Archive for May 23rd, 2012

Review of Why Nations Fail?

May 23, 2012

This blog is a big fan of the Why Nations Fail blog  based on the book by the same title. I have still not read the book and hence no real comments.

Here is a superb review by Jared Diamond who also wrote a famous book — Guns, Germs and Steel. 

It is just an amazing review of the book. Gives both pluses and minuses of the book..

What are economists for, anyway?

May 23, 2012

Robert Johnson of INET in this post looks at this most important question:

In the wake of INET’s conference in Berlin, Executive Director Robert Johnson poses a profound question during this interview with the German foundation Stiftverband.Who does the economist serve: powerful interests or society? 

The answer seems clear-cut. Economists today primarily serve the needs of powerful interests at the expense of society in general.  But why?

To answer this, Johnson peals back the surface of overt corruption to explain how the problem goes far beyond that. It was not that economists were all on the take leading up to the global financial crisis, Johnson says, but that those whose visions aligned with powerful financial interests “were used as marketing vehicles, and they were not adequately skeptical as scientists of what the flaws in their vision might be.”

The world is always uncertain,” Johnson continues, “so when people become anxious, they want the expert to tell them what is going to happen.” The problem is that these experts don’t shoulder much of the risk of being wrong – or of selling confidence when humility is called for – and it is society that ultimately pays the full price of their deception.

There is a complete disconnect between what people want from eco and what econs deliver:

Yet many economists don’t even see the problem. They don’t know – or don’t want to know – that they are selling snake oil and that the abstract precision of their finely tuned mathematical models doesn’t hold up to the many contingencies of the real world.

In this regard, “economists are the victim of the Thirty Years War,” Johnson says. “Economists now worship at the altar of abstract theory which was the product of the fear and anxiety that followed the Thirty Years War 350 years ago. It’s time to reexamine our methods very fundamentally.”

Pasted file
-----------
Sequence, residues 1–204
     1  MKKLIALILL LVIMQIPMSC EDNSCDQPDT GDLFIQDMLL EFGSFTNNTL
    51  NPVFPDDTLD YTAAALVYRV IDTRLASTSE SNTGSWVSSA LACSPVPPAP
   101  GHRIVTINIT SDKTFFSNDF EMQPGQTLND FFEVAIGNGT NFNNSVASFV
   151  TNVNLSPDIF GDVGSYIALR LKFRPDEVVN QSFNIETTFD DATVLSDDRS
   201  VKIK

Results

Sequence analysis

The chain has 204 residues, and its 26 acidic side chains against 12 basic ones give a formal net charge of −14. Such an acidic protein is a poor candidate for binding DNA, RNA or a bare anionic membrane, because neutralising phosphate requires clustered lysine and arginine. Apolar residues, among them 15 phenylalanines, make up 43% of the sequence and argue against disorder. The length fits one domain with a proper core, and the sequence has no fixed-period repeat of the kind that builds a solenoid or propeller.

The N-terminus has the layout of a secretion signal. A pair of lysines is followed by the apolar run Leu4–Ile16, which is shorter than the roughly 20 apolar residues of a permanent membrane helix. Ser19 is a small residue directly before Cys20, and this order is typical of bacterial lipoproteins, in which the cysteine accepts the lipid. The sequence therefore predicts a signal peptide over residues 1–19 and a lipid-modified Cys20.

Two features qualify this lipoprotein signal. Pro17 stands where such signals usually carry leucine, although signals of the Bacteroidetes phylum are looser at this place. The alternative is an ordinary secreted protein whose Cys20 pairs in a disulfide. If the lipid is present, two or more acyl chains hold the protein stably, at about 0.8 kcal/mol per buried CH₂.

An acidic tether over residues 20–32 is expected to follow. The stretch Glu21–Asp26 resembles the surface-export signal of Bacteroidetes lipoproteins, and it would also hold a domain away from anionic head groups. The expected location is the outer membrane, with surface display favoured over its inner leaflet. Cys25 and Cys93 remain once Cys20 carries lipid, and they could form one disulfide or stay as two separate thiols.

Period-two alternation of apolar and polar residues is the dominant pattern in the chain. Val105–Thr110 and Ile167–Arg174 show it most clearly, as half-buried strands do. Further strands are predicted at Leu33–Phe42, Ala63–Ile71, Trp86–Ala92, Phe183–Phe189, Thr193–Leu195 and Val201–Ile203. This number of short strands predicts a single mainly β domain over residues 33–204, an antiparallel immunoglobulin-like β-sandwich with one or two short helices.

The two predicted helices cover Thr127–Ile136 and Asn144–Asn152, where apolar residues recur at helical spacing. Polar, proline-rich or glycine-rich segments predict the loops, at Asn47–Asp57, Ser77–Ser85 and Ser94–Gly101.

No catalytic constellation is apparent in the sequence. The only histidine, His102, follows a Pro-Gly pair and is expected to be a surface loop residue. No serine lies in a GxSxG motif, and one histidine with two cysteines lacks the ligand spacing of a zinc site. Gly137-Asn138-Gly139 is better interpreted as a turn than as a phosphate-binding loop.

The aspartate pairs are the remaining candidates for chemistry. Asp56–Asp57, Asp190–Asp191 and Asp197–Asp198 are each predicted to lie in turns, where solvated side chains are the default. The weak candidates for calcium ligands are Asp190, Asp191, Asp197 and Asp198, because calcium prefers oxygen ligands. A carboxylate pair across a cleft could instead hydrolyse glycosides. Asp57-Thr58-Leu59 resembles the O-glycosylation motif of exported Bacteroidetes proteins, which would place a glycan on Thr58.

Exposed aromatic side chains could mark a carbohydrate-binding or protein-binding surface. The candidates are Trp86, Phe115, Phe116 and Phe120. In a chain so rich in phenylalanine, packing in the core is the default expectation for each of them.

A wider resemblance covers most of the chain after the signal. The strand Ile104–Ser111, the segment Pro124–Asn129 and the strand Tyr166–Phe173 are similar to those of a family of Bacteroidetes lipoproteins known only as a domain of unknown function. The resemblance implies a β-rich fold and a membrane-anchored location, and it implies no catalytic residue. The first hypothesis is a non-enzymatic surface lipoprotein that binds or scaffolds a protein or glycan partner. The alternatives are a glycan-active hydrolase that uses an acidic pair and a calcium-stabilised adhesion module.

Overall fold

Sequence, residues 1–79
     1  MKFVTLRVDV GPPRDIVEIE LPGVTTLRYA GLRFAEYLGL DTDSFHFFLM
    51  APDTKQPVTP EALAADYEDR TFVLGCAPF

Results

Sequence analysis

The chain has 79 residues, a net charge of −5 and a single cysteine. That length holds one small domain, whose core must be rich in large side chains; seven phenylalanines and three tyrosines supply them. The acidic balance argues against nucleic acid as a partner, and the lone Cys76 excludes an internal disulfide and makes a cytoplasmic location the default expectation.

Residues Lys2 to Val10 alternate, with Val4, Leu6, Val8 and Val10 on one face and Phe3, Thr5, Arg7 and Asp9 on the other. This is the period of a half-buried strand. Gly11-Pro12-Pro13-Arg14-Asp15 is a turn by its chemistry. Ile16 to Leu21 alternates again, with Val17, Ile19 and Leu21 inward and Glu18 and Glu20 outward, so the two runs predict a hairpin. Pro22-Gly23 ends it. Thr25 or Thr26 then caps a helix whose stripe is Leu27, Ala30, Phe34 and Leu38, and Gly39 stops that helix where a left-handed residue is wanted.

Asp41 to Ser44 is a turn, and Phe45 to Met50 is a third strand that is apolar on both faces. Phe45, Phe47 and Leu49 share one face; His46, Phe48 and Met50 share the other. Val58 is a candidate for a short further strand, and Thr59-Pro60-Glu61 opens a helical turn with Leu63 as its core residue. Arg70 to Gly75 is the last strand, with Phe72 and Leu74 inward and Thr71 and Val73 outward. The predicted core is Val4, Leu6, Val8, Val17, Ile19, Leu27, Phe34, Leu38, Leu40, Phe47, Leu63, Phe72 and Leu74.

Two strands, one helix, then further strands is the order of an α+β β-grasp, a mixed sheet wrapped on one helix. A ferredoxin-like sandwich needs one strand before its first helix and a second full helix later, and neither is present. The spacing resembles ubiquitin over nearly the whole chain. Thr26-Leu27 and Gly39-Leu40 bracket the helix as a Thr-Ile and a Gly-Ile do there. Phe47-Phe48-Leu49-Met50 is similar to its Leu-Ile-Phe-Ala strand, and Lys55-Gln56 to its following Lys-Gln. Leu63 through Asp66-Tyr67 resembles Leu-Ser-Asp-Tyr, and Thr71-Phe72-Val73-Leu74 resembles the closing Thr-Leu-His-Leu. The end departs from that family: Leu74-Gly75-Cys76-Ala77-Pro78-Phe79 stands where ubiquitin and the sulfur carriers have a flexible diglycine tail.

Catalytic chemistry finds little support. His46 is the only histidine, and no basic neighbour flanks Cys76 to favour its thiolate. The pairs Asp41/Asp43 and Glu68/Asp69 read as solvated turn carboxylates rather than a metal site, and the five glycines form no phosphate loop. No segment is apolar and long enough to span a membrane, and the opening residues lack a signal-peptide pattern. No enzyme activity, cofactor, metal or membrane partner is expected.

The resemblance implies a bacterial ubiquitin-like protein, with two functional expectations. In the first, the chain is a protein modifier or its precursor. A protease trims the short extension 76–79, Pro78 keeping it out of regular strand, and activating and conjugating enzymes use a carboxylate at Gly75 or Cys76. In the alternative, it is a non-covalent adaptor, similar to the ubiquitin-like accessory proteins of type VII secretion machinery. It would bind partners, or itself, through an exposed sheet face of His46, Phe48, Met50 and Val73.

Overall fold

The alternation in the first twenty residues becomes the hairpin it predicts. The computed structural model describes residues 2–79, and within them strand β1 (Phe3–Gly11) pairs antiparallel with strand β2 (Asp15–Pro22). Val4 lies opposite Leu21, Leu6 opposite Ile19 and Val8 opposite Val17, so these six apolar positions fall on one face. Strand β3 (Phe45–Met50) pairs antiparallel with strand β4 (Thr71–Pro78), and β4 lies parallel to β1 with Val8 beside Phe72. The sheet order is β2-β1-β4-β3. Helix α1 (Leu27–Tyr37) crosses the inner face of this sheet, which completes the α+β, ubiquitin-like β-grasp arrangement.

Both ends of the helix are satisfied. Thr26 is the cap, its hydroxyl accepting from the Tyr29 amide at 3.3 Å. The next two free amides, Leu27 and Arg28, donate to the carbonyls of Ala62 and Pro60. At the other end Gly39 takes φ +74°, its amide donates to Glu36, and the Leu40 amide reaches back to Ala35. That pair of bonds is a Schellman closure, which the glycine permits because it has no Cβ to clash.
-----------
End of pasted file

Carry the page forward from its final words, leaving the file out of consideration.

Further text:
The problem is exemplified by David Collander’s study of the economics profession, Johnson says. Collander found that of economics Ph.D. students “85% say they need to know a lot about mathematics, while only 13% say they need to know anything about the economy in order to become an economist,“ Johnson notes.

This is interesting stuff by Colander. You come across so many people who end up taking/worrying over math before applying to US/UK colleges. Most colleges clearly say higher math skills are a must (or some statement like that). One keeps wondering where is he applying to an econ major  or a math one..

What are the remedies? Change the way it is taught. Make it more subjective and context specific. History is a must:

First, the basic paradigm through which the economics profession sees itself and presents itself to society needs to change. “Rather than teaching economics 101 as an indoctrination in method, they should teach it as a course in philosophy of science where the subject is economics and its assumptions, and the tradeoffs and the flaws as well as the strengths are explored on behalf of the student,” Johnson says.

Second, economics must lose its fascination with deduction and reincorporate context into the profession. “Understanding the context of institutions, understanding economic history, and particularly the history of economic thought (where the subject is economic thinking embedded in the real context of the problems and vested interests of the day, the various challenges, the state of technology), would help people to develop a more humble and realistic of what economic thinking is all about,” Johnson says.

Thumbs up to both the suggestions…

Will Financial economics post crisis be more Keynesian in spirit??

May 23, 2012

What an amazing paper by Carlo Zappia of University of Siena. It connects so many dots in such few pages that one is just amazed.

It looks at history of financial economics and how it has changed/expected to change post the financial crisis. The history bit is a really abridged version of Capital Ideas book by Bernstein.  It covers the works of Markowitz, Sharpe, Merton/Scholes/Black, Fama etc.

He starts by pointing how the crisis has led to rethinking on much of these finance theories. He then reflects on how all this theory around finance developed and was later questioned by behavioral theories.

The crux of this crisis from fin eco perspective is that basic assumptions laid by Markowitz (and followed by others) was not true. Much of it is based on Bayesian thinking which is flawed:


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